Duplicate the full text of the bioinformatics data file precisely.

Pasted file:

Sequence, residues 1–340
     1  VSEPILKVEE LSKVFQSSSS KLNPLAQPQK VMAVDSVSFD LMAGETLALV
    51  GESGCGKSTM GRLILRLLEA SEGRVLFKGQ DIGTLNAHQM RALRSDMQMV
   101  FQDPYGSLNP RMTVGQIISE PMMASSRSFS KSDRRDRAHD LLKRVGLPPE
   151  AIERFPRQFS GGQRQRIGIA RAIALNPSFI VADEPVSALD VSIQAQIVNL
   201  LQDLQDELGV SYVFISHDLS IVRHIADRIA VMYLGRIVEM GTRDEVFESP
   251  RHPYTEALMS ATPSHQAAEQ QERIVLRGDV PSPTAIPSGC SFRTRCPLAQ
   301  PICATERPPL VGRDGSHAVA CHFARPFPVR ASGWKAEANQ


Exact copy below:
Sequence, residues 1–340
     1  VSEPILKVEE LSKVFQSSSS KLNPLAQPQK VMAVDSVSFD LMAGETLALV
    51  GESGCGKSTM GRLILRLLEA SEGRVLFKGQ DIGTLNAHQM RALRSDMQMV
   101  FQDPYGSLNP RMTVGQIISE PMMASSRSFS KSDRRDRAHD LLKRVGLPPE
   151  AIERFPRQFS GGQRQRIGIA RAIALNPSFI VADEPVSALD VSIQAQIVNL
   201  LQDLQDELGV SYVFISHDLS IVRHIADRIA VMYLGRIVEM GTRDEVFESP
   251  RHPYTEALMS ATPSHQAAEQ QERIVLRGDV PSPTAIPSGC SFRTRCPLAQ
   301  PICATERPPL VGRDGSHAVA CHFARPFPVR ASGWKAEANQ